There are different types of triangles.

Triangles can be classified according to the relative lengths of their sides:

· In an equilateral triangle all sides have the same length. An equilateral triangle is also a regular polygon with all angles measuring 60°.

· In an isosceles triangle, two sides are equal in length. An isosceles triangle also has two angles of the same measure; namely, the angles opposite to the two sides of the same length. Some mathematicians define an isosceles triangle to have exactly two equal sides, whereas others define an isosceles triangle as one with at least two equal sides. The latter definition would make all equilateral triangles isosceles triangles.

· In a scalene triangle, all sides are unequal, and equivalently all angles are unequal.

Equilateral

Isosceles

Scalene

In diagrams representing triangles (and other geometric figures), "tick" marks along the sides are used to denote sides of equal lengths - the equilateral triangle has tick marks on all 3 sides, the isosceles on 2 sides. The scalene has single, double, and triple tick marks, indicating that no sides are equal. Similarly, arcs on the inside of the vertices are used to indicate equal angles. The equilateral triangle indicates all 3 angles are equal; the isosceles shows 2 identical angles. The scalene indicates by 1, 2, and 3 arcs that no angles are equal.

Triangles can also be classified according to their internal angles, measured here in degrees.

· A right triangle (or right-angled triangle, formerly called a rectangled triangle) has one of its interior angles measuring 90° (a right angle). The side opposite to the right angle is the hypotenuse; it is the longest side of the right triangle. The other two sides are called the legs or of the triangle. Right triangles obey the Pythagorean theorem: the sum of the squares of the lengths of the two legs is equal to the square of the length of the hypotenuse: a2 + b2 = c2, where a and b are the lengths of the legs and c is the length of the hypotenuse. Special right triangles are right triangles with additional properties that make calculations involving them easier. One of the two most famous is the 3-4-5 right triangle, where 32 + 42 = 52. In this situation, 3, 4, and 5 are a Pythagorean Triple. The other one is an isosceles triangle that has 2 angles that each measure 45 degrees.

There is interesting fact about right triangle: for every two natural numbers numbers are sides of right triangle.

· Triangles that do not have an angle that measures 90° are called oblique triangles.

· A triangle that has all interior angles measuring less than 90° is an acute triangle or acute-angled triangle.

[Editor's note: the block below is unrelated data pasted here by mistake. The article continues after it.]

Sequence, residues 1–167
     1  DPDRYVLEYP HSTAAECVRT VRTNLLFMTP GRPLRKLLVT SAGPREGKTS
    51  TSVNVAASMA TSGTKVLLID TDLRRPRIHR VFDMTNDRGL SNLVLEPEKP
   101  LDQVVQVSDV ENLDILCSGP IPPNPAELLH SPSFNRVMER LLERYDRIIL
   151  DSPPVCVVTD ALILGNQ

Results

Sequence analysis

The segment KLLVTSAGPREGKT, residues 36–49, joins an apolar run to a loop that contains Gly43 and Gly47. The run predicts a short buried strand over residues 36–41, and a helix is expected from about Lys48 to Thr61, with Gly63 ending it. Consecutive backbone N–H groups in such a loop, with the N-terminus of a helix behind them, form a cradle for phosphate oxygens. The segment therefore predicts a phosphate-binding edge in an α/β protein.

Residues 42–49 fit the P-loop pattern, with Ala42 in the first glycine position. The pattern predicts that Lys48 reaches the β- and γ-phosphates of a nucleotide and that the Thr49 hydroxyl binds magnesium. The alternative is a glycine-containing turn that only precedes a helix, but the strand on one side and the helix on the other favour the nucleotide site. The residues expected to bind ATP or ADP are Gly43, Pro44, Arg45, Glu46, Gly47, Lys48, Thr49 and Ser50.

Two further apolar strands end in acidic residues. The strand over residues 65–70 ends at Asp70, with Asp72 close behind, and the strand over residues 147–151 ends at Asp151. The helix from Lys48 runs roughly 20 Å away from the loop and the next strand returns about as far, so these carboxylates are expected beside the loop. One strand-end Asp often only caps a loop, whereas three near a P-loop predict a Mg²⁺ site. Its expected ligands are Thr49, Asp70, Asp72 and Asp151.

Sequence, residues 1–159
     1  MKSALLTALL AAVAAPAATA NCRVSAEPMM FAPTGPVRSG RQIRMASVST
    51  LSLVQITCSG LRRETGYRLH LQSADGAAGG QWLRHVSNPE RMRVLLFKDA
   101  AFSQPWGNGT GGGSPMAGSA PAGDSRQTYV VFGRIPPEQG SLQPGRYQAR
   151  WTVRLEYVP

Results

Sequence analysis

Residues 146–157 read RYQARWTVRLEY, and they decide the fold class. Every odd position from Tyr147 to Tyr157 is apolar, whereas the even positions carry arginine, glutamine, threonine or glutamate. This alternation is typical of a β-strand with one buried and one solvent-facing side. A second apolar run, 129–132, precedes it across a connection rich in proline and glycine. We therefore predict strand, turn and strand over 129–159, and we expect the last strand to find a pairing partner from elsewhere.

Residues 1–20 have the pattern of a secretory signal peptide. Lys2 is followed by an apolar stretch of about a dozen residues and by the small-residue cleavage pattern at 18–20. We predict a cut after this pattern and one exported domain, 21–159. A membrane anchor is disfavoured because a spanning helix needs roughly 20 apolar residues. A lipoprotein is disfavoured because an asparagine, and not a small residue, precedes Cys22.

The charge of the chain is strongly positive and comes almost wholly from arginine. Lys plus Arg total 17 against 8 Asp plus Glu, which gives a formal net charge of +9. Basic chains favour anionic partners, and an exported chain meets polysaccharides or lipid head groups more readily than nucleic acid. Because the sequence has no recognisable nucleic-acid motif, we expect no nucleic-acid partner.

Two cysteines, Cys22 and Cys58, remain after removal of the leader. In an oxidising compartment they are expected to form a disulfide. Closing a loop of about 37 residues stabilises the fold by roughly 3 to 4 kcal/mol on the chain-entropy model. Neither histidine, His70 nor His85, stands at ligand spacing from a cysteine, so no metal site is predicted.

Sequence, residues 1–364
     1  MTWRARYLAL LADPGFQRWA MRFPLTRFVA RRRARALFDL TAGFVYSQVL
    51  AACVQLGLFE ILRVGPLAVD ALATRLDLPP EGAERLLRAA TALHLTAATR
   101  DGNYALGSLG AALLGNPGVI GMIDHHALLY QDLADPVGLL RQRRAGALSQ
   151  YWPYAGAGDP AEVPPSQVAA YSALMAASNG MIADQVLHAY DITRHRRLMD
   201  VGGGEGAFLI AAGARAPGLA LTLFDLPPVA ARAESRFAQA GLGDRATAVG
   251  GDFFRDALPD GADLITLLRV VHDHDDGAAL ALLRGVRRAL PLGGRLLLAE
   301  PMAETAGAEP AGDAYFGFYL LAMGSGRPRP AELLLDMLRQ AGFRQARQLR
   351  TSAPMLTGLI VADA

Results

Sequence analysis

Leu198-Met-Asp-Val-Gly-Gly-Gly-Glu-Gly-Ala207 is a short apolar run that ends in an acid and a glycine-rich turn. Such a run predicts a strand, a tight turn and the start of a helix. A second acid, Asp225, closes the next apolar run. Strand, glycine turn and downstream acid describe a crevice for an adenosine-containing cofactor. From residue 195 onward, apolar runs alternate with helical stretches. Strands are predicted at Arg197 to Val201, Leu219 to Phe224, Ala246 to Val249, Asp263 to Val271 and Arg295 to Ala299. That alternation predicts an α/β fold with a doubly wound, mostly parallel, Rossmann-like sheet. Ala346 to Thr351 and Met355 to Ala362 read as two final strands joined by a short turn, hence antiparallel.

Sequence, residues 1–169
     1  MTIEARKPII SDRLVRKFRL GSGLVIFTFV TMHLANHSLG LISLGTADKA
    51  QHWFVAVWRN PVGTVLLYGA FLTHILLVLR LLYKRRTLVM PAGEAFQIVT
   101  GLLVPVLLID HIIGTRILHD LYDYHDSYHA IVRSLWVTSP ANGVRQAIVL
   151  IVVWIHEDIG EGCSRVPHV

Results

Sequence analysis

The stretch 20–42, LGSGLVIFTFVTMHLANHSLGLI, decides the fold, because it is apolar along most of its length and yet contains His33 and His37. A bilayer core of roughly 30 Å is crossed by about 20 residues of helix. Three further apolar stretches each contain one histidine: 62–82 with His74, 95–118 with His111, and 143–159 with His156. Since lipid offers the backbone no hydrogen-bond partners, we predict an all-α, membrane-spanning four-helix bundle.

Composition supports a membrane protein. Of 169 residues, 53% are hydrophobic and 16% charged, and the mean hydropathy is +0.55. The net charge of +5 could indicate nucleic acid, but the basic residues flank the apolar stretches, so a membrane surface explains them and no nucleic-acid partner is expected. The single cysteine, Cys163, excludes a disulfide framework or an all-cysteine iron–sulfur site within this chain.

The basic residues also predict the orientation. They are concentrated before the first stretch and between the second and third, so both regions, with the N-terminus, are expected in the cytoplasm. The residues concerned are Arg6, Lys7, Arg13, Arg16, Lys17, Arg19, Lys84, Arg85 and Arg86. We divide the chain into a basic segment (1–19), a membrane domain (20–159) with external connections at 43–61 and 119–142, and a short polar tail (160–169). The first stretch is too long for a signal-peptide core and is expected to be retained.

· A triangle that has one interior angle that measures more than 90° is an obtuse triangle or obtuse-angled triangle.

A triangle that has two angles with the same measure also has two sides with the same length, and therefore it is an isosceles triangle. It follows that in a triangle where all angles have the same measure, all three sides have the same length, and such a triangle is therefore equilateral.

Right

Obtuse

Acute

3. Quadrilateral

A quadrilateral is a polygon with four sides (or edges) and four vertices or corners. Sometimes, the term quadrangle is used, by analogy with triangle, and sometimes tetragon for consistency with pentagon (5-sided), hexagon (6-sided) and so on. polygon triangle quadrilateral circle

There are three topological types of quadrilaterals convex quadrilaterals (left figure), concave quadrilaterals (middle figure), and crossed quadrilaterals (or butterflies, or bow-ties; right figure).

In addition to this there are many types of convex quadrilaterals, such as a parallelogram, rectangle, rhombus, square, trapezoid and kite.

A parallelogram has opposite sides parallel and equal in length. Also opposite angles are equal (angles "a" are the same, and angles "b" are the same).

A rectangle is a four-sided shape where every angle is a right angle (90°). Also opposite sides are parallel and of equal length.

A rhombus is a four-sided shape where all sides have equal length. Also opposite sides are parallel and opposite angles are equal. Another interesting thing is that the diagonals meet in the middle at a right angle. In other words they "bisect" (cut in half) each other at right angles.

A square has equal sides and every angle is a right angle (90°). Also opposite sides are parallel.

A trapezoid has a pair of opposite sides parallel.

A kite has two pairs of sides. Each pair is made up of adjacent sides that are equal in length. The angles are equal where the pairs meet. Diagonals (dashed lines) meet at a right angle, and one of the diagonal bisects (cuts equally in half) the other.

4. Circles

A circle is a simple shape of Euclidean geometry that is the set of all points in a plane that are a given distance from a given point, the centre. The distance between any of the points and the centre is called the radius. The distance from the center is called the radius, and the point is called the center. Twice the radius is known as the diameter . The angle a circle subtends from its center is a full angle, equal to or radians.